THE PEOPLE BEHIND YOUR ITEMS
SHOP BY BRAND
- Ja Socha
- Tee & Scissors
- Kasan's Workshop
Bags, hats & scarves
- Duy & Tâm
Enjoy the stories.
Sheena & Rengé from Delhi
Sheena Uppal is a designer to watch.
Hailing from three generations of textile manufacturers, an innate understanding of fabric is second nature to Sheena. A graduate of the London College of Fashion, Sheena honed her craft in the fashion scenes of London, Mumbai, and Delhi.
Believing that producing fashion need not be quick and inhumane, Sheena founded Rengé in February 2016. Loved by many in Bollywood and across India, Rengé is synonymous with “style” and “sustainability”. Rengé creates quality garments for the modern women and you’ll be glad to hear they are mainly made from surplus fabrics sourced to keep a low environmental footprint. Sheena’s team keep safety standards high and is also paid a fair ethical wage.
And if you're not already a fan of Sheena, she’s an animal lover too.
Sisters from Singapore
Launched in 2009, Ja.Socha is run by a pair of sisters from Singapore - Bee and Mei.
With five young children between them, the sisters firmly believe in work-life balance and has brought this culture into their workplace.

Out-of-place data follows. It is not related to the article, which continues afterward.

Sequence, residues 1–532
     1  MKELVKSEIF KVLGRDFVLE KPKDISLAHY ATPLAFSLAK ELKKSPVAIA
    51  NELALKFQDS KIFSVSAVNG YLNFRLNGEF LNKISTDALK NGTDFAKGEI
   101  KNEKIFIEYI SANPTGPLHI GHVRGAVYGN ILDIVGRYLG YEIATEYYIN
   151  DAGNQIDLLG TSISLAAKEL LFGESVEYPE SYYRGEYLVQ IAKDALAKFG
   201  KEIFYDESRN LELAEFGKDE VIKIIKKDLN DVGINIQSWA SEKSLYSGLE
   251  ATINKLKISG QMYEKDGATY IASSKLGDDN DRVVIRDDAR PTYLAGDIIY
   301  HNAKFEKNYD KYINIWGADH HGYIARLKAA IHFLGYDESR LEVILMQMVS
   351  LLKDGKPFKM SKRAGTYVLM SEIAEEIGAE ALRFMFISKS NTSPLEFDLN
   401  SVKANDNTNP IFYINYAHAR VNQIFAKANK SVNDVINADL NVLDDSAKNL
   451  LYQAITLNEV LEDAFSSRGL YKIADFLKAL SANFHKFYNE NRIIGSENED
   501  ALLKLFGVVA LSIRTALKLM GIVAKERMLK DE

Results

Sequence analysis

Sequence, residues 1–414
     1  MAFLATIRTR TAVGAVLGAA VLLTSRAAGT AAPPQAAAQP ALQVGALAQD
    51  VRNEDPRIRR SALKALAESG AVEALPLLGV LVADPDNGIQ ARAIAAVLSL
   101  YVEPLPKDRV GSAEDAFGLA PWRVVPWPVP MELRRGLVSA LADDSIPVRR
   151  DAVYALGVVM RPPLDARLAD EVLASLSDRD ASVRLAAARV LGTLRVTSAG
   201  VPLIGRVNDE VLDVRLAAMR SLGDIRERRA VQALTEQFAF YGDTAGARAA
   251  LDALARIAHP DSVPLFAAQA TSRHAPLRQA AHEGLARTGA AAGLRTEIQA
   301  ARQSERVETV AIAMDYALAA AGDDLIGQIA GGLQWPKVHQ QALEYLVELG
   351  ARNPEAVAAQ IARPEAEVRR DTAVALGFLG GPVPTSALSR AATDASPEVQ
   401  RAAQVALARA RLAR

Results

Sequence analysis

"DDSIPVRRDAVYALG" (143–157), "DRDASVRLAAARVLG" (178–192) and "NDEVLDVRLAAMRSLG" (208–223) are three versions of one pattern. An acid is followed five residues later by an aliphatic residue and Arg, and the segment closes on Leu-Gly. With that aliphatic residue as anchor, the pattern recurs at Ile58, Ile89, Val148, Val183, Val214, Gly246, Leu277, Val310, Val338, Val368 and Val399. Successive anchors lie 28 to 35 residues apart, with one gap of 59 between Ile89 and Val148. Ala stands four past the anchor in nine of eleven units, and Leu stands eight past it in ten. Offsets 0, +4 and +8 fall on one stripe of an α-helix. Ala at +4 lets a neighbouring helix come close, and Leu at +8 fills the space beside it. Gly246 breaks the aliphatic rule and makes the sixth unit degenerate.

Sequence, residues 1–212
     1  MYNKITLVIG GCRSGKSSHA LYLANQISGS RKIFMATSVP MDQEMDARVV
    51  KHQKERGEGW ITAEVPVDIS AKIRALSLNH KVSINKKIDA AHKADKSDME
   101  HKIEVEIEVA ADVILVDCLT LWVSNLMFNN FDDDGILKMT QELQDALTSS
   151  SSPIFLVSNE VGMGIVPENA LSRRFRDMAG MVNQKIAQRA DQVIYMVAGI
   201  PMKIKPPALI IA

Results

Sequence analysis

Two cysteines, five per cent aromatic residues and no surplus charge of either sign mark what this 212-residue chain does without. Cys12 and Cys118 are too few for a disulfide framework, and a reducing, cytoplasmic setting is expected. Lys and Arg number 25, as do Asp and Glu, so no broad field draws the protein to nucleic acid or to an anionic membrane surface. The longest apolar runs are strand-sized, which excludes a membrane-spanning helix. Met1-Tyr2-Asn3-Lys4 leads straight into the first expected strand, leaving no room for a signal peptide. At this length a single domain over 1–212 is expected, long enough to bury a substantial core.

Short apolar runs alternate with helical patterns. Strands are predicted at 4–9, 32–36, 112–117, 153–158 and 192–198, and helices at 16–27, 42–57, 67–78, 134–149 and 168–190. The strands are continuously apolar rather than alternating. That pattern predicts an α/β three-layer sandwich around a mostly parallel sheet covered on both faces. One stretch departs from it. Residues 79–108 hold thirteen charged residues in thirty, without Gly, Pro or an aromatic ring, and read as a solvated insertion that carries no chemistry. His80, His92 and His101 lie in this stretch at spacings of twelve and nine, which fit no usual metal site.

Ja.Socha is the wardrobe for the everyday women who wants to look and feel good while donning their many hats, just like the sisters. Effortless style is the name of their game.
The duo ensures quality by making sure the working conditions in their factory are good and has high safety standards. The pair are also exploring ways to make their label more sustainable and eco-friendly.
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Tee & Scissors from Jakarta
In 2014 Rossa started Tees and Scissors to create a wardrobe with a comfortable easy-going style.
For Rossa, the selection of beautiful fabrics and overseeing the process of production is equally important as appreciating the actual people who create the garments. As such, all Tees & Scissors items are locally produced in Indonesia. With the concept of minimal impact in mind, Rossa uses mainly deadstock fabrics and works closely with local artisans to create her sustainable and ethical line.